New Tools for Business Growth.

New Tools for Business Growth.

The Hoosier state has been doing a lot this year to find new ways to drive business growth. Several new tools have been created and launched at the state and regional levels that indicate a willingness to be innovative when it comes to economic development and job creation. Also, a few of our existing tools have been upgraded to give Indiana an extra edge for investment attraction.

We’ve gathered a rundown of all the latest things officials are using to support the business community’s success. Together, they add up to one very handy toolkit.

 

Location, Location, Location

A big push in talent attraction efforts over the last few years has led to an increase in local and regional development initiatives. This year saw a few adjustments to some of those programs with the intent of increasing their use.

Specifically, the new Redevelopment Tax Credit was created as an expansion to the current Industrial Recovery Tax Credit program, which provides an incentive to invest in former industrial sites and improve quality of place in Indiana communities. The new version of the credit changes some of the building specifications, such as the requirement that it be an “industrial site” and that it be at least 100,000 square feet, to make the tool available in more communities and to more investors.

 

Our First Talent Region

Northeast Indiana was officially designated as the state’s first 21st Century Talent Region by Governor Holcomb, which encourages all regional stakeholders to create and implement a plan to increase educational attainment, raise household income, and grow the population in a region. A partnership between the Office of Career Connections and Talent, the Indiana Economic Development Corp. (IEDC), and CivicLab will bring together local governments, businesses, educational institutions, nonprofits, and economic and workforce partners for the initiative. Essentially, they’ll all be working together to identify strategic priorities and quality of place projects.

The initial steps that partners will be taking include:

  • The development of collaborative relationships and dashboards within the 11-county region by summer of next year
  • Implementing or adjusting initiatives to meet the goals of:
    • Growing the population to 1 million people,
    • Increasing postsecondary education and credential attainment to more than 60 percent,
    • And raising per capita personal income to 90 percent against the national average by 2030.

Just a few weeks after Northeast Indiana’s designation, the state named the EcO Network of Southeast Indiana as the second 21st Century talent region. The EcO Network will be working to cultivate collaborative partnerships necessary for regional development and growth.

 

Updates to Keep Us Competitive

Two key updates were made to Indiana’s business tax codes to enable the state to modernize its regulations and stay competitive.

In the first, legislators have made updates to the way service professionals are taxed on their income. The new rules will apply market-based sourcing for taxing income from the sales of services, taxing service companies only for income they earn from services sold in Indiana.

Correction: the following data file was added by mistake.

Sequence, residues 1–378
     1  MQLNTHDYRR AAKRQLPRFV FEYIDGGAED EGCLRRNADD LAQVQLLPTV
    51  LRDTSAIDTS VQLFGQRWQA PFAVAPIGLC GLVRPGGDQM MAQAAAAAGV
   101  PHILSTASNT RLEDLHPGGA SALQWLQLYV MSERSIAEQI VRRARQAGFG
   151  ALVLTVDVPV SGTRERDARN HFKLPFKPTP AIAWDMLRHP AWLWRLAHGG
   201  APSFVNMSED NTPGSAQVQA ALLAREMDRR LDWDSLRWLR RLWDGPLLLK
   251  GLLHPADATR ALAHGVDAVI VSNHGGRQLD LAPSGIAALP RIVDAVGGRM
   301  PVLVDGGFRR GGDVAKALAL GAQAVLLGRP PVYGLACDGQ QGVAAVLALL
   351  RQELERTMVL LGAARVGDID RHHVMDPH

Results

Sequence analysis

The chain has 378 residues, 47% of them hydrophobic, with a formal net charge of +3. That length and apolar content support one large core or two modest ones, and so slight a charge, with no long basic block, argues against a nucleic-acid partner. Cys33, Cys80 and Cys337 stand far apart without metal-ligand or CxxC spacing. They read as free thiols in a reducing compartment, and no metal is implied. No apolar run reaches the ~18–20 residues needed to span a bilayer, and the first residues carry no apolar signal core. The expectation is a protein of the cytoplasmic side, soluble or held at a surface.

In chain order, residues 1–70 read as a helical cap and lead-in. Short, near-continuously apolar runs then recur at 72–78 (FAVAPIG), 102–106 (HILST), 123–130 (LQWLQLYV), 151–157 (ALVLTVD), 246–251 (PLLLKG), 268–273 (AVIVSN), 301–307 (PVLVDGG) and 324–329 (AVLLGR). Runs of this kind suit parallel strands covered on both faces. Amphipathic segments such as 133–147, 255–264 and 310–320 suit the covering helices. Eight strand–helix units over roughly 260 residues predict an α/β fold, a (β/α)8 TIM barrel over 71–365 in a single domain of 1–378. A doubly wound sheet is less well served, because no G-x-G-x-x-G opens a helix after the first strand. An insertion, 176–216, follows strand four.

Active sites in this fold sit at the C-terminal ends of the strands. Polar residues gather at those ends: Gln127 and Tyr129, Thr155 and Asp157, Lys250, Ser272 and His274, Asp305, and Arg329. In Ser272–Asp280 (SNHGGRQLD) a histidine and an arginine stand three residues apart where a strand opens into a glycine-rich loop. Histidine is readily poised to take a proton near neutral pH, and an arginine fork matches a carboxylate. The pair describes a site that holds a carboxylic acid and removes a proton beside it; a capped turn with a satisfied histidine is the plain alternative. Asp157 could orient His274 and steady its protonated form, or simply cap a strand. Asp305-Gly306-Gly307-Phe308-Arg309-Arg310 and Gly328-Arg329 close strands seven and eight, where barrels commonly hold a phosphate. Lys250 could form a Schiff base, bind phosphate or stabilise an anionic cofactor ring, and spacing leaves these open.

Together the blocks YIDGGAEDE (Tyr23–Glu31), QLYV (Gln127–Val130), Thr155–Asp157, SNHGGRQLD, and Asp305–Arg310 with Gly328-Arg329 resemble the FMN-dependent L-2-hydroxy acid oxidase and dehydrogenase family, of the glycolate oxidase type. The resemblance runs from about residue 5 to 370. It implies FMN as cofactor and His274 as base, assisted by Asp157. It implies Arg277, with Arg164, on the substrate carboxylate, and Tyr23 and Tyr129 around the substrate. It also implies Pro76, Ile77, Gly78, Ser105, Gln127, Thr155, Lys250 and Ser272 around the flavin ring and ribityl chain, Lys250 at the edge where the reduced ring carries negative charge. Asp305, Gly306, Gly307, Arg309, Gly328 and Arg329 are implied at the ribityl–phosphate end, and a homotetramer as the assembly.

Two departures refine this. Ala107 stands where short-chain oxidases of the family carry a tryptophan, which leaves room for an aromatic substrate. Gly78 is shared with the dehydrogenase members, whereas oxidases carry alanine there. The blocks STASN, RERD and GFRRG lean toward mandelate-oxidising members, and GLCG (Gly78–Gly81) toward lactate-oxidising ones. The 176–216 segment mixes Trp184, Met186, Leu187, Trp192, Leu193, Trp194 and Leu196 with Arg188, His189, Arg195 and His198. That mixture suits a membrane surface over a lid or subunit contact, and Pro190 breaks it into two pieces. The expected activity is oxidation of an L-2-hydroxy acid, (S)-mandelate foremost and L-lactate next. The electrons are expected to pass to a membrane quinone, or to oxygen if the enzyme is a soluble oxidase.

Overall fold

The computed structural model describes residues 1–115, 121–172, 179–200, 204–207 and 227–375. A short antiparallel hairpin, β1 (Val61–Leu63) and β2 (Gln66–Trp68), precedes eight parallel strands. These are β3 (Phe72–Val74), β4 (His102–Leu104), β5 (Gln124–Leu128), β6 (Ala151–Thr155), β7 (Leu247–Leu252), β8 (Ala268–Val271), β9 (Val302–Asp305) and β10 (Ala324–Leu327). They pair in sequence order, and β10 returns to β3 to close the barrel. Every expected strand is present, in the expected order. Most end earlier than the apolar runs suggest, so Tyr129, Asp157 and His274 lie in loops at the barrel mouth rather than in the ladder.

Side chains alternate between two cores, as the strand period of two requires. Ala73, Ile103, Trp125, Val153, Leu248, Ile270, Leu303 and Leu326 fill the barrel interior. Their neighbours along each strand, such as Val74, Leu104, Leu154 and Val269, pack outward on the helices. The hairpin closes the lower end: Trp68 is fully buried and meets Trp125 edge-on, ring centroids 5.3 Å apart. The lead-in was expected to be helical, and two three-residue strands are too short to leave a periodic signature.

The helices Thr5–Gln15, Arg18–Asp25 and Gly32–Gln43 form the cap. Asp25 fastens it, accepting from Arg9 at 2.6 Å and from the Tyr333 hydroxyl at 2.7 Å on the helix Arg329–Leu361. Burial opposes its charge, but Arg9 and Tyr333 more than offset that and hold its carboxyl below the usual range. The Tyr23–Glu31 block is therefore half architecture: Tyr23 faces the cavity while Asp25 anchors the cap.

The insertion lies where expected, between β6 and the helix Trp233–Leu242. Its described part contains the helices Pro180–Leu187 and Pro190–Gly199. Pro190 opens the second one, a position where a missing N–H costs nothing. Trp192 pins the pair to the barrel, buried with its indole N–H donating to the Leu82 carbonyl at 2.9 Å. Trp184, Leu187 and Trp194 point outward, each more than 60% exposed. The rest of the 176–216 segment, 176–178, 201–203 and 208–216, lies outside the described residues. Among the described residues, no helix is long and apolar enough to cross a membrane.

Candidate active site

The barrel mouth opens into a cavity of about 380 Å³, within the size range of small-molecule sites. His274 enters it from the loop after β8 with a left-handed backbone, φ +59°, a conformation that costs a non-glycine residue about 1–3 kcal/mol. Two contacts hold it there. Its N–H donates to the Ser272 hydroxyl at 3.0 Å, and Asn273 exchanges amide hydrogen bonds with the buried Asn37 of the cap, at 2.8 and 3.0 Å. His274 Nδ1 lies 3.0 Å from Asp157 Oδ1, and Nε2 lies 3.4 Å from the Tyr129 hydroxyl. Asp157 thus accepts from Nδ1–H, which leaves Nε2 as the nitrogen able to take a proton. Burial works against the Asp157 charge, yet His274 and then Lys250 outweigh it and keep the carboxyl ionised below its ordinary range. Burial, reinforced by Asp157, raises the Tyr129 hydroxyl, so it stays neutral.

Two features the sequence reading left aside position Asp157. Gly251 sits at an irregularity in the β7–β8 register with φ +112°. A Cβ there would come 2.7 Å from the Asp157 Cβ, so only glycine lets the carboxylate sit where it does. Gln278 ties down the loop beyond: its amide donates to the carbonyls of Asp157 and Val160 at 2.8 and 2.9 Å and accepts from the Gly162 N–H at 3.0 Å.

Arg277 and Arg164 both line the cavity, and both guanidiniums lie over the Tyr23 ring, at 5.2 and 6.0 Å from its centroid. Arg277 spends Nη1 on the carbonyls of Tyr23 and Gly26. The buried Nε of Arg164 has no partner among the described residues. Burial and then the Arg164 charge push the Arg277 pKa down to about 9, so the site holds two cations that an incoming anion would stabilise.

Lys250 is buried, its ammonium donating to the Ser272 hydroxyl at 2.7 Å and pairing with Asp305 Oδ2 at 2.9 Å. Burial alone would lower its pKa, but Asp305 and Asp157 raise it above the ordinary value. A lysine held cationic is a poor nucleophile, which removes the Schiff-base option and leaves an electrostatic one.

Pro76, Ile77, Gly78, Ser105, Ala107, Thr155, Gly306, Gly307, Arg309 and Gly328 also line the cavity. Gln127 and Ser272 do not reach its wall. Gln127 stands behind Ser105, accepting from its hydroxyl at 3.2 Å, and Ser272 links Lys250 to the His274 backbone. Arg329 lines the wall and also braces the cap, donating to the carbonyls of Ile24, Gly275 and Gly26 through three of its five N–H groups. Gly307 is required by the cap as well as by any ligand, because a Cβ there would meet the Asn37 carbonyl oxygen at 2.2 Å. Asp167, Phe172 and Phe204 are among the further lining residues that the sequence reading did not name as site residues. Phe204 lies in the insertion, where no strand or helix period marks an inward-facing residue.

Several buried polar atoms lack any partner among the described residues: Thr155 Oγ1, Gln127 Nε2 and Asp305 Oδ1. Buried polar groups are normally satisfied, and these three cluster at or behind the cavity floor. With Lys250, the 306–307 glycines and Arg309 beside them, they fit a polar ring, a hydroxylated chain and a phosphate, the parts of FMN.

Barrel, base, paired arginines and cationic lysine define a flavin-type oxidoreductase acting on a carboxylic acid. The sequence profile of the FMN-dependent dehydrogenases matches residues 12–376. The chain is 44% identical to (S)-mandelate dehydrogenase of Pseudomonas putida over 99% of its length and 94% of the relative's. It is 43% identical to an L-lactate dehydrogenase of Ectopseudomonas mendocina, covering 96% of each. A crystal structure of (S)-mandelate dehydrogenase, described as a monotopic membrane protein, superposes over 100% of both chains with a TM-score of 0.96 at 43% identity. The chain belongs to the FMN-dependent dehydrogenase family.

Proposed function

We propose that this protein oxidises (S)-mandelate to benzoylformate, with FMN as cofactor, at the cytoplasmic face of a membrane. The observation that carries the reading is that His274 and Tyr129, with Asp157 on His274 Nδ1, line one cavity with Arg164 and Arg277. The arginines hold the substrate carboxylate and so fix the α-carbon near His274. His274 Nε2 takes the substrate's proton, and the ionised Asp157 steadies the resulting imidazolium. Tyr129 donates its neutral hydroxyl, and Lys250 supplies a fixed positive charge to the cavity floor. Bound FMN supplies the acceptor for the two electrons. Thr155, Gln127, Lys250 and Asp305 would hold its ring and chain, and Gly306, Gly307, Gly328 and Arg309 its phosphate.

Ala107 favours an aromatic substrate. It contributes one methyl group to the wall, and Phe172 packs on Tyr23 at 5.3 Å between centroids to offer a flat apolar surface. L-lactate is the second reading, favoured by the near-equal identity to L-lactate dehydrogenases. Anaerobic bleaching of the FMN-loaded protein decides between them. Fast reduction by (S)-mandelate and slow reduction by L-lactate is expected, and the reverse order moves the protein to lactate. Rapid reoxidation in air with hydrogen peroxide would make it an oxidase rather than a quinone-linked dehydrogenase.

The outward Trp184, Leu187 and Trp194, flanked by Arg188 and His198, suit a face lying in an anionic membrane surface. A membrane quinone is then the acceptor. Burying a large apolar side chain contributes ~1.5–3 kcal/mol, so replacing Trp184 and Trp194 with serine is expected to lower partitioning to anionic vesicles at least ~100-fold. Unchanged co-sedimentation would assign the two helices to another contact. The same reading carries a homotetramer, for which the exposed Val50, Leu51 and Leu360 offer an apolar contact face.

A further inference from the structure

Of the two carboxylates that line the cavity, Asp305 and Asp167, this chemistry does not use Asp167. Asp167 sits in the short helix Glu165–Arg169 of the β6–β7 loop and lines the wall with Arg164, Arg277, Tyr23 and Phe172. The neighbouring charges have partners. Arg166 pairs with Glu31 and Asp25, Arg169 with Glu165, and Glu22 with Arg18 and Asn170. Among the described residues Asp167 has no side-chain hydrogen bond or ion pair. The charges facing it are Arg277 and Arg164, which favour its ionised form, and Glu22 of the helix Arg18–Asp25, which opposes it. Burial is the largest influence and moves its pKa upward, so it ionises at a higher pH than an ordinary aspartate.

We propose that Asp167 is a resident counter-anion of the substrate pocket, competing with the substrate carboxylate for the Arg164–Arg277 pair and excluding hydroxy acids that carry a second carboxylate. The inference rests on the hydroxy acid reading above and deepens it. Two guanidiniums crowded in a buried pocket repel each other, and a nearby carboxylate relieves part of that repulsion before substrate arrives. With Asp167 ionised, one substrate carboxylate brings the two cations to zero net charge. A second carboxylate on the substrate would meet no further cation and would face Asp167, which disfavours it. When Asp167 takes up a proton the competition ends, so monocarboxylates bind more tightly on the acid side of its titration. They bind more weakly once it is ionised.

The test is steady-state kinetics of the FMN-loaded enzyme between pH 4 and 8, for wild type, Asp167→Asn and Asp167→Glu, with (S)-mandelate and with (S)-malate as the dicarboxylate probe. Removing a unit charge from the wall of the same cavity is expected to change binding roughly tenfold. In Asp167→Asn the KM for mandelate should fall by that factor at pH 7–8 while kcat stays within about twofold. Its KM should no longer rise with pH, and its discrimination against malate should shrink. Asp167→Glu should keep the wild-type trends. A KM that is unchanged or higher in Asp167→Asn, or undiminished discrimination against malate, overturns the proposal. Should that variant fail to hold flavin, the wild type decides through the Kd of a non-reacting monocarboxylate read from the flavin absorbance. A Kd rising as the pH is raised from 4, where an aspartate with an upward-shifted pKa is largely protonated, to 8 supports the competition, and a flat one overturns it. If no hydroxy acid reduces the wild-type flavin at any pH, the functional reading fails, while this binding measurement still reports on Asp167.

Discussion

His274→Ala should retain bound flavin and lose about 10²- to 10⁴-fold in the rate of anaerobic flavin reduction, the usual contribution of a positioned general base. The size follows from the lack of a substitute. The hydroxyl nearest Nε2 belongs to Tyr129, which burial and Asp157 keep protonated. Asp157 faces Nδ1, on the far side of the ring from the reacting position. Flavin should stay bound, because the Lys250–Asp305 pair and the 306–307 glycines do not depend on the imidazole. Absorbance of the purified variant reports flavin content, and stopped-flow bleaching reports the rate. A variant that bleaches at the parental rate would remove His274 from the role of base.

This will reportedly level the playing field for Indiana-based service companies and put our state more in line with more than 19 other states that have adopted this approach over the last decade, half of which use this type of market-based sourcing.

Secondly, updates were made to the Hoosier Business Investment (HBI) Tax Credit, which provides a conditional incentive to a company making a sizeable capital investment in order to locate or grow in Indiana. The HBI’s investment qualifications were expanded to capture modernized equipment used in today’s manufacturing and logistics sectors.

 

New Ways to Target High-Growth Companies

The state took several measures to broaden support and incentive offerings for startup companies and other high-growth firms, including:

  • Supporting R&D – A new Innovation Voucher program will provide grants to small businesses that partner with qualified organizations for activities like research, technology development, or commercialization. This tool will give participating businesses access to resources that otherwise would not be available, while fostering public-private partnerships to propel research and development (R&D).
  • Incentivizing Investors – The Venture Capital Investment (VCI) tax credit program was updated this year. It’s designed to help entrepreneurs and startups attract capital more quickly by giving investors an additional incentive to invest in growing firms. Now, the tax credits will be transferable starting in 2020, increasing the pool of potential investors.
  • Encouraging a Move – The Headquarters Relocation Tax Credit was expanded to better incentivize the relocation of small, high-growth companies to Indiana.

 

Showcasing Their Strengths

Earlier this year, the IEDC began coordination of a new grant program to enable regional economic development officials to take their message further and showcase their unique industries and advantages. Now, matching funds of up to $100,000 will be awarded to each of the state’s nine major economic regions to support domestic business development trips and site selector visits. The goal is to increase the frequency of Indiana’s pro-business message and success stories.

 

And That’s Not All

In addition to all of the new tools in the hands of economic development officials, the state created a new incentive for data center investment and several partnerships have launched targeted initiatives of their own. There is truly a great deal of activity happening in Hoosier economic development this year and it’ll be great to see the impact of these new concepts over time.